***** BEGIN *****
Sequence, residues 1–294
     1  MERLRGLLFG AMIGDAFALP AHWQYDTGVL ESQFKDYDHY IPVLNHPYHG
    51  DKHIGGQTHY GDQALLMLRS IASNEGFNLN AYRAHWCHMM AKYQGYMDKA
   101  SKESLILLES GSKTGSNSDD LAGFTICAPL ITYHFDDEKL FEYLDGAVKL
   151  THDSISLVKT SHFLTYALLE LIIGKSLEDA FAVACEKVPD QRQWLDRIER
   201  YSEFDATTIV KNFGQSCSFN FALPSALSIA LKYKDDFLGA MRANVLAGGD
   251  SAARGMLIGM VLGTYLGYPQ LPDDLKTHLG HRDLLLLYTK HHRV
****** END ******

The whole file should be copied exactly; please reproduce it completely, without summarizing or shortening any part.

Sequence, residues 1–294
     1  MERLRGLLFG AMIGDAFALP AHWQYDTGVL ESQFKDYDHY IPVLNHPYHG
    51  DKHIGGQTHY GDQALLMLRS IASNEGFNLN AYRAHWCHMM AKYQGYMDKA
   101  SKESLILLES GSKTGSNSDD LAGFTICAPL ITYHFDDEKL FEYLDGAVKL
   151  THDSISLVKT SHFLTYALLE LIIGKSLEDA FAVACEKVPD QRQWLDRIER
   201  YSEFDATTIV KNFGQSCSFN FALPSALSIA LKYKDDFLGA MRANVLAGGD
   251  SAARGMLIGM VLGTYLGYPQ LPDDLKTHLG HRDLLLLYTK HHRV